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Polish human rights commissioner gives speech at IU's Maurer School of Law



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Polish Commissioner for Human Rights Adam Bodnar speaks Feb. 12 at the Maurer School of Law. Bodnar spoke about authoritarian changes in Poland’s government. Shelby Anderson

Polish Commissioner for Human Rights Adam Bodnar spoke about authoritarian changes in Poland’s government Wednesday at the Maurer School of Law. 

A room of about 100 students and faculty listened as Bodnar spoke about the progression of the Polish legal and political systems. His presentation, “Human Rights and Power: Polish Road towards Illiberal State,” was the law school’s annual Addison C. Harris Lecture.

Bodnar said democracy in Poland is slowly being dismantled and the government is becoming more controlling. However, activist behavior has continued through peaceful protesting.

As the commissioner for human rights, Bodnar said he views his position as useful because it is a bridge between the new, more authoritative Poland and the old, more democratic Poland. He said part of his work is trying to preserve democratic values that are growing less common in Poland. 

“If Poland comes back to democracy, it will still look totally different,” Bodnar said. “It may take a whole generation.”

When an audience member asked him about journalists in Poland, he said some are still attempting to do investigative work, but others are submitting to the government.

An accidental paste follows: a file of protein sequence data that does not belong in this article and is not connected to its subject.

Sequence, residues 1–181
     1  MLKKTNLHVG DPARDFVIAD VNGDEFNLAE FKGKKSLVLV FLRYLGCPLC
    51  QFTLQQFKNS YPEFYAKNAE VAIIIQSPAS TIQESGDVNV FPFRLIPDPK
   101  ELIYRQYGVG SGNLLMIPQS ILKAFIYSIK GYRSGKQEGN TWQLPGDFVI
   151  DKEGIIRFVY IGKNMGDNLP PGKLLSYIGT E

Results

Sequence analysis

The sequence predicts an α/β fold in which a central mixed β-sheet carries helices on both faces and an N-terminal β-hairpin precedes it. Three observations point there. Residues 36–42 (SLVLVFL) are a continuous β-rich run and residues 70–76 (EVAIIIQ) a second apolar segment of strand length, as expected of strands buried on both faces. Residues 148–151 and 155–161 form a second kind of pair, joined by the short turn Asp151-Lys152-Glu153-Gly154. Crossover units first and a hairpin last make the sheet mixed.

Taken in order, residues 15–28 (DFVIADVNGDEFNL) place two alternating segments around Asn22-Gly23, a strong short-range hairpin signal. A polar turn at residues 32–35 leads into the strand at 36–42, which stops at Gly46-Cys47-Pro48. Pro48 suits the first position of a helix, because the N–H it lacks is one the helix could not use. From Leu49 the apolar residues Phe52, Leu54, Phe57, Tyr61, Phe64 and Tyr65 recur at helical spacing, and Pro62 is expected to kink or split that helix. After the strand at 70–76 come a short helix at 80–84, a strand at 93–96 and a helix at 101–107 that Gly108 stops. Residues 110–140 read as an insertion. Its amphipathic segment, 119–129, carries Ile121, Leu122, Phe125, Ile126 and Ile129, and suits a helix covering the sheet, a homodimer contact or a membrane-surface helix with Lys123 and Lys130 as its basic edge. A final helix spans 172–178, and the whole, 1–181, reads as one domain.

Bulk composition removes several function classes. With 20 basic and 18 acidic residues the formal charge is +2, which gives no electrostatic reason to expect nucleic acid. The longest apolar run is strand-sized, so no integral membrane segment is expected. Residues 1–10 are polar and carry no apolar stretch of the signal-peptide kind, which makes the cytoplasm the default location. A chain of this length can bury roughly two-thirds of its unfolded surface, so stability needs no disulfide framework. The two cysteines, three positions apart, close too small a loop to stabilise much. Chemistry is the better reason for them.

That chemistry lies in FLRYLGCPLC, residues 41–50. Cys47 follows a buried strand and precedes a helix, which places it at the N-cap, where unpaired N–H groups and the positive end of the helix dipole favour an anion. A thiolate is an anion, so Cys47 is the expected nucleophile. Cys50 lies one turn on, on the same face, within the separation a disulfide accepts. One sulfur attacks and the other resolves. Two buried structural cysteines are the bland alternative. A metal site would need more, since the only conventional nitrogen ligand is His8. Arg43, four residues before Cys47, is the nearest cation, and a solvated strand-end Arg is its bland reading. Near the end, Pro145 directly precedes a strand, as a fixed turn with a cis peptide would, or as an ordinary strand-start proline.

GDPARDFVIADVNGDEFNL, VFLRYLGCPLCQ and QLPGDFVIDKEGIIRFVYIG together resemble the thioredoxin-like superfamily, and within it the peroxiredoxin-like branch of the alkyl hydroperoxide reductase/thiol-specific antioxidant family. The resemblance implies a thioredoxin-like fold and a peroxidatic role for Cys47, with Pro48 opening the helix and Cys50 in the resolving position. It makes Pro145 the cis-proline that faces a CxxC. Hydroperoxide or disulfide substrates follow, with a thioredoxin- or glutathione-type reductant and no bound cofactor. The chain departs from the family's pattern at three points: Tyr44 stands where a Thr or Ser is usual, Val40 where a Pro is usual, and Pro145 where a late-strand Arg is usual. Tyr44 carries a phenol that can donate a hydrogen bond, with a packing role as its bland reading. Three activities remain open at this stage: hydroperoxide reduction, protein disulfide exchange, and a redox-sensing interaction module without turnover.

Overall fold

Attendee Andrzei Porebski, a Polish fourth year law student said he enjoyed how Bodnar focused on explaining important issues that are taking place in Poland. He said the speech helped him see how to explain Poland’s complicated political system to people who aren’t from Poland.

Joseph Hoffmann, an IU law professor, compared Poland to a canary in a coal mine. He said activists in Poland are showing resistance, and Poland could be an example to other states with nationalist, populist governments trying to take over of how they can try to keep democracy from being diminished.

As Poland’s government attempts to consolidate power by taking over the courts and justice department, Hoffmann said something similar could happen in the U.S. He referenced President Donald Trump’s recent controversial statements about Roger Stone’s prison sentencing in which he berated the federal judge and prosecutors involved in Stone's case on Twitter.

Hoffmann said the U.S. is susceptible to authoritative change, but he said he is encouraged by the U.S.’s 200 years of political history compared to the 30 years Poland has been a democracy.

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